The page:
Things have gone from bad to worse on Oleg’s farm in Kherson in southern Ukraine since Russia’s invasion 10 weeks ago.
Occupying forces took away some of his grain and stole all the machinery, including trucks, low-loaders and jeeps — which his staff have seen in local towns ferrying Russian army personnel and equipment. They commandeered his house and farm buildings.
Oleg — not his real name given the risk of reprisals — doubts whether he will be able to harvest the reduced area of land he has sown this spring. The extra combine harvesters and lorries he normally rents from central Ukraine will be hard, if not impossible, to secure. Two-thirds of his staff have left. Some are afraid of working in the fields when the war is raging nearby. An exploding shell in a sunflower field during the dry summer months could trigger an unstoppable fire.
“I did not count the amount of losses,” said Oleg, adding they were only going to get bigger.
Ukraine’s government has accused Russia of trying to destroy its agriculture sector by stealing valuable grain stocks and machinery, deliberately bombing farms and warehouses and blockading its Black Sea ports to deprive it of exports earnings and farmers of liquidity.
There are multiple examples around the country of grain elevators and warehouses being bombarded. Around Kyiv, Russian forces destroyed distribution centres and warehouses to try to disrupt the provision of food to the capital.
But it is the confiscation of grain in territories controlled by Moscow that is the most emotive issue. It has drawn parallels with the Soviet policy of crop confiscations coupled with the confinement of peasants to their villages in the 1930s. Some 4mn people died in the ensuing famine in Ukraine, known as the Holodomor, or death by starvation.
After Russia bombed a farm business in Luhansk in eastern Ukraine last month, destroying machinery, buildings and 17,000 tonnes of wheat — a year’s supply for 300,000 people — Serhiy Haidai, the local governor, said on social media that Moscow was seeking “to organise the Holodomor in the Luhansk region, that is without a doubt”.
“The most straightforward conclusion from Russia’s exporting grain from Ukraine is [that] their aim [is] to exacerbate the risk of shortages and hunger in the Ukrainian territories under Russian control,” said Vladyslava Magaletska, former head of Ukraine’s state service for food security.
“In addition, Russia may envisage using the stolen grain to blackmail the world, putting global food security at risk.”
The confiscations appear to be on an industrial scale. Agriculture minister Mykola Solsky said Russian authorities had seized between 400,000 and 500,000 tonnes of grain from across the territory it has occupied, taking most of it to Crimea.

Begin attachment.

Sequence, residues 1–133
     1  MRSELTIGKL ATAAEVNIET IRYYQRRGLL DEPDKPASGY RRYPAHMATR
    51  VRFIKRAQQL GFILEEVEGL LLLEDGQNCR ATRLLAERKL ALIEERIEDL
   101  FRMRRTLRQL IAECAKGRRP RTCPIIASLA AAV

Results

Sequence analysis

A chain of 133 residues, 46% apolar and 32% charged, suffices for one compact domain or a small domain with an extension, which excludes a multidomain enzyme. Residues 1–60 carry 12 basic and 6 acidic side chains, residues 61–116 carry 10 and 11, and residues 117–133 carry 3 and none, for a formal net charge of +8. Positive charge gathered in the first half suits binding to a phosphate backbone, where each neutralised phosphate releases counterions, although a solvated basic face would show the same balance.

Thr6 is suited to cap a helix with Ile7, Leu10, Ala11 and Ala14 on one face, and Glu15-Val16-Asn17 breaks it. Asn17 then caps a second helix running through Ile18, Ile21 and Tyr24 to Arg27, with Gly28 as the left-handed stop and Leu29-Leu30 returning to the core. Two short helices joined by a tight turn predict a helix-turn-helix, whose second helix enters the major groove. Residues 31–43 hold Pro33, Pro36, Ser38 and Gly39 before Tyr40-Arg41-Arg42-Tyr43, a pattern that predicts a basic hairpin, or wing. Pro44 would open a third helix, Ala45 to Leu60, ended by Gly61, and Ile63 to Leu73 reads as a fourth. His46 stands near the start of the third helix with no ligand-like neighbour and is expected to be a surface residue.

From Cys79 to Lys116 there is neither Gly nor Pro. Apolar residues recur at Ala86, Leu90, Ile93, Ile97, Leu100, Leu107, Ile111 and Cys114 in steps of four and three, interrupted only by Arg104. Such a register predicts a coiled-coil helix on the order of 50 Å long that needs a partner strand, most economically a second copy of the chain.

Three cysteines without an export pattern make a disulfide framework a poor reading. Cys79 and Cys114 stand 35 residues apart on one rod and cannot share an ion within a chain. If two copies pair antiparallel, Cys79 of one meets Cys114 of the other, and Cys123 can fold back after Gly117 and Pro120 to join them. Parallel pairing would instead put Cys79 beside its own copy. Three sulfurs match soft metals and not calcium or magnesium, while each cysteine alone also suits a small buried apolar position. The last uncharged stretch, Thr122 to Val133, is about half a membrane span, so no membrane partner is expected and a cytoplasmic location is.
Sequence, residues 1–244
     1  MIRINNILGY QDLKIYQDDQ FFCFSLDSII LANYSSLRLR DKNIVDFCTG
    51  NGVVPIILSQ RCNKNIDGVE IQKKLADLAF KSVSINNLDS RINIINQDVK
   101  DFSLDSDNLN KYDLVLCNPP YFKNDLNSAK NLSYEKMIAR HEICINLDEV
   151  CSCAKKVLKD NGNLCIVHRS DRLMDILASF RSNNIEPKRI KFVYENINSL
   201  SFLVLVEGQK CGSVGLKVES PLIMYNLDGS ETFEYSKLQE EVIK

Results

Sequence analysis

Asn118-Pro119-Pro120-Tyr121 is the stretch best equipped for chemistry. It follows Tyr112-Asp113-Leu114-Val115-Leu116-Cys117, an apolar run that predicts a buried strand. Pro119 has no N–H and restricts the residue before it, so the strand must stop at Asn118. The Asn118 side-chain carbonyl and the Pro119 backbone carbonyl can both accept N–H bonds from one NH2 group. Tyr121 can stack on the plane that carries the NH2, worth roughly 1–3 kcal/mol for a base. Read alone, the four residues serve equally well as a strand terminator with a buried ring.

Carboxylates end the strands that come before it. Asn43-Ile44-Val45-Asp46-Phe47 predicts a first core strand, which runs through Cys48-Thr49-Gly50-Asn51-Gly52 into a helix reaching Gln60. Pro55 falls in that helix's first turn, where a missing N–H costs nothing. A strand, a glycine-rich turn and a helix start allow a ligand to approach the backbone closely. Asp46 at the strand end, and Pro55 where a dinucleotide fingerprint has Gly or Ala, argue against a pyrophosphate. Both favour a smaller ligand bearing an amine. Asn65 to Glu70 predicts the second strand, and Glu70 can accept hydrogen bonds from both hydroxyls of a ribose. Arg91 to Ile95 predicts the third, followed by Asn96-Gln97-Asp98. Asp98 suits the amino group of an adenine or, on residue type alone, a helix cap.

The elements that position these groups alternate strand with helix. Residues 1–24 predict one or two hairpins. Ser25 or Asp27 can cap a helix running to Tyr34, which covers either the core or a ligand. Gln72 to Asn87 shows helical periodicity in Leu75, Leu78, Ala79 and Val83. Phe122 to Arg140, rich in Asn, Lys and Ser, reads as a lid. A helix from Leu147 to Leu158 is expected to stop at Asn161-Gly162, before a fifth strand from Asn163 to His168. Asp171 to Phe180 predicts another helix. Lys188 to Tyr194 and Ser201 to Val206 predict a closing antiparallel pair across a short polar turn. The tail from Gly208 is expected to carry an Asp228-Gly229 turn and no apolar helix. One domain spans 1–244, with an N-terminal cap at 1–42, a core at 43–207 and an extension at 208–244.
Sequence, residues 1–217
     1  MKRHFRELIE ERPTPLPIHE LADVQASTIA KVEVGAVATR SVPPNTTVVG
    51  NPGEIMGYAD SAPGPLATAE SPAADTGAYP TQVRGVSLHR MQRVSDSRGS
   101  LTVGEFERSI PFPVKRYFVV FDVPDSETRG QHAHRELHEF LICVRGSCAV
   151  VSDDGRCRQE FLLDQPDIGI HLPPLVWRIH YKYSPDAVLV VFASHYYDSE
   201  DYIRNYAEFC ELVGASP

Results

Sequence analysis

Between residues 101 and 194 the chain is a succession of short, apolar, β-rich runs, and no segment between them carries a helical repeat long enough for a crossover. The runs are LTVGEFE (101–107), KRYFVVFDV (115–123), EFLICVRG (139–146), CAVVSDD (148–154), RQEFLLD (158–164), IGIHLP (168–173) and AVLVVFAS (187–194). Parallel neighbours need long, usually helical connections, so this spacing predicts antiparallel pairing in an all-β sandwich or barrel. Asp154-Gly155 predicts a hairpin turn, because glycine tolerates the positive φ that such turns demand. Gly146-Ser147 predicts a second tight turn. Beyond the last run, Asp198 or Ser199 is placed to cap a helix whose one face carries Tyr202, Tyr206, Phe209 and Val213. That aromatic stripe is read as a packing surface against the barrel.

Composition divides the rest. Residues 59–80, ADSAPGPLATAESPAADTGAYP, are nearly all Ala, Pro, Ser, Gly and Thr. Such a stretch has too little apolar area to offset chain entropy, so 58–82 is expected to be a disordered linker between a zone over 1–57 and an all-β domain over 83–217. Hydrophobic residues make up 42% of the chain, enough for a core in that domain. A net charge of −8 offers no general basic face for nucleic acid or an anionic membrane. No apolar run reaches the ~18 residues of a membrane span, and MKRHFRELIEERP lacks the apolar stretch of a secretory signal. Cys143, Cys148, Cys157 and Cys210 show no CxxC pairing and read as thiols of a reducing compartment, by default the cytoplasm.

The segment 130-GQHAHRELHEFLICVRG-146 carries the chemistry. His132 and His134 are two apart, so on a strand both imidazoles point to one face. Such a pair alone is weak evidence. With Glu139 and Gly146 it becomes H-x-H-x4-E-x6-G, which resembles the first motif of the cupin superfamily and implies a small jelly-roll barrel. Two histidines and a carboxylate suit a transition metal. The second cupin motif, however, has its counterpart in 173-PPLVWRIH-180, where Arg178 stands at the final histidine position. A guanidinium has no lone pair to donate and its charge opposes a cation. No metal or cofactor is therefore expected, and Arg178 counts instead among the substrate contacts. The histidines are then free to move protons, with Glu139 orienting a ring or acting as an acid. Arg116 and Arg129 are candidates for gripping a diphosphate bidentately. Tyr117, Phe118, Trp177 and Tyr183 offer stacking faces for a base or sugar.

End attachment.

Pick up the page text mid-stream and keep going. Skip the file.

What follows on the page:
“This is big business, organised at the highest levels. Clearly it is done by uniformed agents and the military of the aggressor country,” Solsky said.
Alex Lissitsa, chief executive of IMC, one of Ukraine’s biggest agribusinesses, said grain seizure on this scale must be organised by the Russian authorities because it was not an easy endeavour.
Ukrainian defence intelligence said in a recent statement that a “significant part of the grain stolen from Ukraine is on dry cargo ships under the Russian flag in the Mediterranean. The most likely destination is Syria [an ally of Moscow]. From there, grain can be smuggled to other countries in the Middle East”.
Solsky said Kyiv was seeking western help to try to stop the shipments.
Overall, the Ukrainian government expects 70-80 per cent of farmland to be sown this year despite the problems the war has caused for farmers — from rising prices for fuel and fertilisers to mines and unexploded munitions in their fields and their inability to export stocks of grain by ship.
On Lissitsa’s land in northern Ukraine, the grain elevator was hit by Grad rockets at the beginning of Russia’s invasion but miraculously survived. After Moscow’s forces withdrew from the area his farmers were able to sow, despite the shortage of manpower. “I couldn’t believe a month ago we’d be farming here, but we are,” he said.
The picture in the occupied territories in eastern and southern Ukraine is bleaker. In some places, farmers have been banned from working in their fields.
Inna Zelena, a Kherson local official who fled when Russia invaded, said some farmers were prevented from growing tall crops, such as corn and sunflowers, which could provide cover for Ukrainian insurgents. She also said local vegetables were being shipped en masse to Crimean stores and markets. Locals in Kherson were meanwhile increasingly reliant on groceries trucked in from the peninsula. “There will be a food crisis,” Zelena predicted.
Kherson farmer Oleg said pro-Kremlin local officials appointed by occupying forces were expropriating entire farm holdings. Some 200 large farm businesses — including many owned by US companies — were being listed for “nationalisation” and would probably be transferred to pro-Russian businessmen from the area, he said.
“Some powerful pro-government farmers have a very big bonus from Russia today,” he added.